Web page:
A Bluebird Reverie – The First RCA Session

RCA Victor Studios, New York – September 27, 1938, 2:00-4:15 PM

Johnny Austin, Bob Price, Louis Mucci (tp); Glenn Miller, Paul Tanner, Al Mastren (tb); Hal McIntyre, Wilbur Schwartz (cl,as), Stanley Aronson, Tex Beneke (ts,cl), Bill Stegmeyer (ts,as,cl); Chummy MacGregor (p); Rollie Bundock (b); Bob Spangler (d); Ray Eberle (vcl). All titles arranged by Glenn Miller.

027410-1     My Reverie (RE vcl)    Bluebird 7853

027411-1      By the Waters of Minnetonka (Part 1)   Bluebird 7870

027412-1      By the Waters of Minnetonka (Part 2)   Bluebird 7870

027413-1      King Porter Stomp    Bluebird 7853

After the band left the Paradise Restaurant at the end of June, they gigged around the East Coast and New England. Regular gigs at the Roseland Ballroom in Boston and a week in Atlantic City at Hamid’s Million Dollar Pier were the highlights of this period.

Another high point came with the signing of the band to Bluebird Records for a single date in September. Bluebird was the 35-cent budget label spinoff from the 75-cent RCA Victor label. It was the brainchild of recording director Eli Oberstein, who started Bluebird in 1933, at the absolute low point for record sales during the Depression.

Signing popular bands like Rudy Vallee, Ted Weems and George Hall, Bluebird was a success from the beginning and by 1938, its roster included Artie Shaw, Shep Fields and Les Brown, along with carefully selected reissues by Duke Ellington, Louis Armstrong and other jazz and country artists.

Oberstein was looking for a band to record a lower-price version of MY REVERIE, which was brokered into a hit by Larry Clinton on the parent Victor label. It was one of the first Swing Era pop tune adaptations from the classics, in this case, Debussy’s REVERIE.  Hearing that Glenn had a swell instrumental arrangement of the tune in his book, Eli approached Glenn for this single date.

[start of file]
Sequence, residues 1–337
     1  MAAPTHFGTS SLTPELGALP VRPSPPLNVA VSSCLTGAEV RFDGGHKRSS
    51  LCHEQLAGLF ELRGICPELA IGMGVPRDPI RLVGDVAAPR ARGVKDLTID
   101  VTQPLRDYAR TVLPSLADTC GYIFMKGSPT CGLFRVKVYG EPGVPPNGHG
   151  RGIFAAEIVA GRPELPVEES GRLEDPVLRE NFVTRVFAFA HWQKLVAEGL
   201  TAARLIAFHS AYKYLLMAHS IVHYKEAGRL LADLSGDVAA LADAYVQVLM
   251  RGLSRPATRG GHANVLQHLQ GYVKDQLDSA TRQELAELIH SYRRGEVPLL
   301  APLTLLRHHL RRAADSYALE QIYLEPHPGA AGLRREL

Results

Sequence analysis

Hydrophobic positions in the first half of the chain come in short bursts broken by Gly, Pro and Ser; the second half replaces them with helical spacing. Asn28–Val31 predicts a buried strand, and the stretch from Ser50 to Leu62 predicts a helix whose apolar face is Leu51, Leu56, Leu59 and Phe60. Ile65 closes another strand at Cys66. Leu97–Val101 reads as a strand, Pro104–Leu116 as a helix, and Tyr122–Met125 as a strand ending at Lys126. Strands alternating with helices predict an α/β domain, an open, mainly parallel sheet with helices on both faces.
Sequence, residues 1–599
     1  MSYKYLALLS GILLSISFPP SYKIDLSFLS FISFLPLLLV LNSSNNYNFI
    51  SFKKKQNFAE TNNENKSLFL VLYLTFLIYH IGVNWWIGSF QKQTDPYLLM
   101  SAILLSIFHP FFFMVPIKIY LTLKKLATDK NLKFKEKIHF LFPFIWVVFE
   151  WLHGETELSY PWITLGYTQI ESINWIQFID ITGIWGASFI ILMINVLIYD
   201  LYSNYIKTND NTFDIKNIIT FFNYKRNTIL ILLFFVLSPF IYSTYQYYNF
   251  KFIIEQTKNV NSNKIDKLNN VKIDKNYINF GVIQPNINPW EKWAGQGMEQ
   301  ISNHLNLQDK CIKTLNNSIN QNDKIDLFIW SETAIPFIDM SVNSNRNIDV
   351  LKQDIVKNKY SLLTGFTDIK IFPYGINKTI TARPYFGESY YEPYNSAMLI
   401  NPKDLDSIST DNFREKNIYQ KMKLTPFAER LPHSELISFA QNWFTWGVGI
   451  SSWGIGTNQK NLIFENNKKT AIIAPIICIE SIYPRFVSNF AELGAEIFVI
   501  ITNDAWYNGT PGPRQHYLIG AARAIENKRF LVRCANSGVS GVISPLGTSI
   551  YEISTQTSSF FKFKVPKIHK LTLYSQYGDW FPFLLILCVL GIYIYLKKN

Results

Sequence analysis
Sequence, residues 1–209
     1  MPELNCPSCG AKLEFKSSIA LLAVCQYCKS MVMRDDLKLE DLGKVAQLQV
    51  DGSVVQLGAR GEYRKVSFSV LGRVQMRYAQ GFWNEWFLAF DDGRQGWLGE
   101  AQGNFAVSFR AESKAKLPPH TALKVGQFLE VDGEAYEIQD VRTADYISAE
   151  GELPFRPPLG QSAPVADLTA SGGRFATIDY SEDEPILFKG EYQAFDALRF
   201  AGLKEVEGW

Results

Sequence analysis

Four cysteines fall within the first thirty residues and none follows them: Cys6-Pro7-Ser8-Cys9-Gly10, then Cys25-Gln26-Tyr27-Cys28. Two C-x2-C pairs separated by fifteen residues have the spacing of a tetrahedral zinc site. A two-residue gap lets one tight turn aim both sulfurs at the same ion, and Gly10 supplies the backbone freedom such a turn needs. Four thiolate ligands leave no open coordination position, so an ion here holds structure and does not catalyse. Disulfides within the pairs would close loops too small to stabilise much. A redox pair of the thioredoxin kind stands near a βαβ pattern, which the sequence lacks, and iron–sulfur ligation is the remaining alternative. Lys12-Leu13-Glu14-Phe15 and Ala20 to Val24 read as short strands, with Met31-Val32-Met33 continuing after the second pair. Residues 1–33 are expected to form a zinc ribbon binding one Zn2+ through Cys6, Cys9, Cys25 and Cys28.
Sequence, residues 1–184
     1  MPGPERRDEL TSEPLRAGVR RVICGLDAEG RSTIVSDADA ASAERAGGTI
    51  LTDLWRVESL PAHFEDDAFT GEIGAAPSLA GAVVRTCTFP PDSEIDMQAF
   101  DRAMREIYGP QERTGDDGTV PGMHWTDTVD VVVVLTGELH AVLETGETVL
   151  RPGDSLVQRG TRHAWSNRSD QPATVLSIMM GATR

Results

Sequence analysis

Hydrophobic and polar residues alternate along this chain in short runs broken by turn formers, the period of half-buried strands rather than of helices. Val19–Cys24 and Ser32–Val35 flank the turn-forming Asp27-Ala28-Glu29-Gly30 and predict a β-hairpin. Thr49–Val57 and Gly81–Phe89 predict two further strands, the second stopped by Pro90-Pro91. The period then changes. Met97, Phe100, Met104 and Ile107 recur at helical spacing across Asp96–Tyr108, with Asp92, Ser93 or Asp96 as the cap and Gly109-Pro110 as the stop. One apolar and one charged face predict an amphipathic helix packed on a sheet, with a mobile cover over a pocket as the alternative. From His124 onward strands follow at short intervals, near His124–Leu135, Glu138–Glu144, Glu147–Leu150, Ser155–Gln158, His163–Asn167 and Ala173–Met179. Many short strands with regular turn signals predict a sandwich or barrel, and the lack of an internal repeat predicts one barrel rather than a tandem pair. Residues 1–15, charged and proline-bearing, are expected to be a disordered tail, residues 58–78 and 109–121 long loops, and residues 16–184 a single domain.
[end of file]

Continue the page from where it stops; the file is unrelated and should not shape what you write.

This would be Glenn’s only appearance on the suave Bluebird “staff” label, which had a sleek Art Deco design.   It would soon be redesigned in a more straightforward manner.


Oberstein requested that a vocal be added to MY REVERIE and Miller obliged. Glenn slides right into the melody sans introduction, a somewhat daring way to begin the record. The Miller reeds sing out, leading into Ray’s plaintive vocal. Ray usually sounded plaintive on his earlier records, as Glenn seemed to like pitching his keys at the upper end of his range.

BY THE WATERS OF THE MINNETONKA, Glenn’s first two-part recording, offers a relaxed and leisurely ride through the old Indian parlor ballad. Oddly, Beneke is featured on a rather meandering two-chorus clarinet solo on Part 1, the first and only time Tex played clarinet on a Miller record. Why McIntyre didn’t get the hot solo spot is a mystery. Miller, Austin and Stegmeyer each get a full chorus on Part 2. Glenn’s arrangement is quite loose and simple, free of the fussy little touches his earlier hot charts were stuffed with.

KING PORTER STOMP is taken at exactly the same relaxed tempo, with Glenn’s trombone featured in the opening and for the first chorus. Austin is muted for a change, playing one of his more imaginative solos.  Spangler plods along on drums, showing some rhythmic impetus during Stegmeyer’s sinuous alto spot.

As evidence of the band’s efficiency, they completed all four titles in well under the three-hour session schedule. Glenn had apparently gotten over his fear of Tommy Dorsey, as he solos, and solos well, at length on each selection.

With the record session completed, the band went back to their regular grind of fall-into-winter gigs up and down the East Coast, broken up by more dates at the Roseland State Ballroom in Boston and at the familiar Paradise Restaurant in Manhattan. Wasn’t Glenn ever going to get that big break?


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